This article contains massive The Batman spoilers.
The cops don’t look at him like other Batmans. When Robert Pattinson’s Caped Crusader enters a crime scene that wouldn’t be out of place in a David Fincher movie, the Gotham City Police Department neither assess this interloper with the kind of relief we see from civilians’ reactions to The Avengers, nor even the type of awe and hope glimpsed in Christopher Nolan’s The Dark Knight.
They look at the Batman like a freak—just one who happens to be surprisingly good at solving crimes. That’s one of the more amusing innovations in Matt Reeves and Pattinson’s interpretation of the Batman mythology. At its heart, this isn’t necessarily a superhero movie or even an action adventure—despite a few nominal action sequences. It’s a downbeat detective story, far more influenced by the second wave of noir cinema (or “neo-noir”) which came about in the 1970s than it is anything done by Richard Donner in that same decade.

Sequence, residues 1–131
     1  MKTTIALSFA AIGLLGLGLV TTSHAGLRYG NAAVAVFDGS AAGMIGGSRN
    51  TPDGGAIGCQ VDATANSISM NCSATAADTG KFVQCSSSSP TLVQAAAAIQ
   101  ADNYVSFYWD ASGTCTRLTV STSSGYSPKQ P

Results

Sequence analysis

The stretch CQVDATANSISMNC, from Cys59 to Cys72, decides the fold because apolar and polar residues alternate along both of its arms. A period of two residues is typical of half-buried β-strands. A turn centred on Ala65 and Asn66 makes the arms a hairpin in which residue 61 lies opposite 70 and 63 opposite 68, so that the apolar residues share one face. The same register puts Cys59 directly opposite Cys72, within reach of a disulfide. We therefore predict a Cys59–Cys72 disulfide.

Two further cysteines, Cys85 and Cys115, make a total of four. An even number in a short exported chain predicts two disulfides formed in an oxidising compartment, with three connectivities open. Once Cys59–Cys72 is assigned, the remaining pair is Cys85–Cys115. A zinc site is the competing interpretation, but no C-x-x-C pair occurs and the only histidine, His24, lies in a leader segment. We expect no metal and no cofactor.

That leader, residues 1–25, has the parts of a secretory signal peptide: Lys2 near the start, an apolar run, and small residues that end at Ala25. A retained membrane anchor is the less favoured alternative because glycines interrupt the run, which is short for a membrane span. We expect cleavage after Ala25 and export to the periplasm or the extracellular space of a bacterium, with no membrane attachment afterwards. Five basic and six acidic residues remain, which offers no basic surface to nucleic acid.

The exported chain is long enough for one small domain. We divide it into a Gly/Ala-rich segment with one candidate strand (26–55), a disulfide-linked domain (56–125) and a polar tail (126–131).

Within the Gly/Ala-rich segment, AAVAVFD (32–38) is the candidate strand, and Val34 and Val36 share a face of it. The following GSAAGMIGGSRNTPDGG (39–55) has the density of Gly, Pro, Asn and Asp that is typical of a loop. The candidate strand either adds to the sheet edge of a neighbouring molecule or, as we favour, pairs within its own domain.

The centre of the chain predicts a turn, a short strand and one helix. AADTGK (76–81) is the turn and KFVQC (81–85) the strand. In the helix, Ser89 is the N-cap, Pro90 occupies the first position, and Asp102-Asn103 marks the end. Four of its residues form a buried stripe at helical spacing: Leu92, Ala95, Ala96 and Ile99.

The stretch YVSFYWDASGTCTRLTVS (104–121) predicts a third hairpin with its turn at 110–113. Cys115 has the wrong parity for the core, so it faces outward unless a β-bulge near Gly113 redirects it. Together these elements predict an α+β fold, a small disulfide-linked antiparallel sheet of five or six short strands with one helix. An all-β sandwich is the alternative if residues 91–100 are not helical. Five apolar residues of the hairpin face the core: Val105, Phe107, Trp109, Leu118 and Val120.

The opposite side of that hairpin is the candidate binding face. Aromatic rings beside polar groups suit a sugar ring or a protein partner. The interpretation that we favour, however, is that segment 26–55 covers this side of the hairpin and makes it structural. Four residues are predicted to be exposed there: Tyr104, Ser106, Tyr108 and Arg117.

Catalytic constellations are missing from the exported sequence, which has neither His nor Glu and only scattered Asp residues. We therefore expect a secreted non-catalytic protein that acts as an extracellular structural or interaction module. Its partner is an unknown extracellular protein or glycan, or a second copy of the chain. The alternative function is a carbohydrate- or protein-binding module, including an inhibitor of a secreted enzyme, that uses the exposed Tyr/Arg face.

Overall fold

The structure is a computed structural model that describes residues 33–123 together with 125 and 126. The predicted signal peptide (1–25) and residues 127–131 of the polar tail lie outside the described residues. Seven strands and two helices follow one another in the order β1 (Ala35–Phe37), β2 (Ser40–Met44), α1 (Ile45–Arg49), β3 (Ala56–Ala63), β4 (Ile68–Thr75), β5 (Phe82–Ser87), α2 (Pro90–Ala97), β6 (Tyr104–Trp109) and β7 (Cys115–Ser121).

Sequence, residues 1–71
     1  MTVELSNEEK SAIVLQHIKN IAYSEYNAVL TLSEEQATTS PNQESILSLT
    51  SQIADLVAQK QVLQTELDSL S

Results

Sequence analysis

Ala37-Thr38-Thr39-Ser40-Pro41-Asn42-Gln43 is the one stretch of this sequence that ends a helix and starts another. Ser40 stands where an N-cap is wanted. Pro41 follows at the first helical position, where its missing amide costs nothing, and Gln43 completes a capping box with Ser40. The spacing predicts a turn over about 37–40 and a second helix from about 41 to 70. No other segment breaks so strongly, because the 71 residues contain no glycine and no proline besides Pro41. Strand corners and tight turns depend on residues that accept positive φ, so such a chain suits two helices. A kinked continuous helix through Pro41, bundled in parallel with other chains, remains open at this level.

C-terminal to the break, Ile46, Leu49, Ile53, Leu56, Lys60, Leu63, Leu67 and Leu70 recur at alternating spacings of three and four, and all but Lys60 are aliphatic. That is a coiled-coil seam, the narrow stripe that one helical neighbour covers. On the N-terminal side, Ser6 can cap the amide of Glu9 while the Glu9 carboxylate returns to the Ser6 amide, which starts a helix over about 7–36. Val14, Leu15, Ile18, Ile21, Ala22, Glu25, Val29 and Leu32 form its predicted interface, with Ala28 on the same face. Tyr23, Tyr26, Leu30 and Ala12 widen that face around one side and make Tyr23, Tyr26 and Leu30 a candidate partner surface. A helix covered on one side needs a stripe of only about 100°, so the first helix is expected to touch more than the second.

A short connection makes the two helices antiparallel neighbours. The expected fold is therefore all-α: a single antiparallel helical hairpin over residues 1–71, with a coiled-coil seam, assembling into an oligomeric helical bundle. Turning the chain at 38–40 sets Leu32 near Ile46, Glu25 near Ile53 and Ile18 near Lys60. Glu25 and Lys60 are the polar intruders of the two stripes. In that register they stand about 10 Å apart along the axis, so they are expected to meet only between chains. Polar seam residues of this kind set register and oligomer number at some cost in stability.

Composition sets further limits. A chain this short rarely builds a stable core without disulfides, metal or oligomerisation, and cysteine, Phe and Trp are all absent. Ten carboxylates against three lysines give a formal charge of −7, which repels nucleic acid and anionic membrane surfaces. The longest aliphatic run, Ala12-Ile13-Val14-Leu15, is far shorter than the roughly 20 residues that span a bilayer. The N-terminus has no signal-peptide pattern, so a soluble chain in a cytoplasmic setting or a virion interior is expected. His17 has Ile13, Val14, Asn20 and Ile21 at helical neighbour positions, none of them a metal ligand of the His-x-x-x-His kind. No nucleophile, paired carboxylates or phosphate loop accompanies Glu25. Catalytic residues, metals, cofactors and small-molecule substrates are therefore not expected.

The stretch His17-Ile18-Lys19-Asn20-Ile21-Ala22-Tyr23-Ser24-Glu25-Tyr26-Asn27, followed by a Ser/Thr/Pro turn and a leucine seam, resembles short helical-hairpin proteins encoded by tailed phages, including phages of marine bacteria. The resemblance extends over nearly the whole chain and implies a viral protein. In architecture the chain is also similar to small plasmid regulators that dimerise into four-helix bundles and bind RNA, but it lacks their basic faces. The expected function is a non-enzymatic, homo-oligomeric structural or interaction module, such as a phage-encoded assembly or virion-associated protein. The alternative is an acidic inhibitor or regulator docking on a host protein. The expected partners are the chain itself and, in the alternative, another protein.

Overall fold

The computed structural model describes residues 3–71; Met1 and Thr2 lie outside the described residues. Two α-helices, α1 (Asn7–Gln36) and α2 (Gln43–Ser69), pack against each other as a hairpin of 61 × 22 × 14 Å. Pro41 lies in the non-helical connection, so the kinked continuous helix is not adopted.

Reeves hasn’t been coy about his influences on The Batman either. They can be felt in almost every frame of the new film, which wears its inspirations on its sleeves, and which ultimately prove this is a genuine crime drama that’s almost as cynical and fatalist as its touchstones. Below we’ve gathered all the major cinematic classics that Reeves and company pulled from.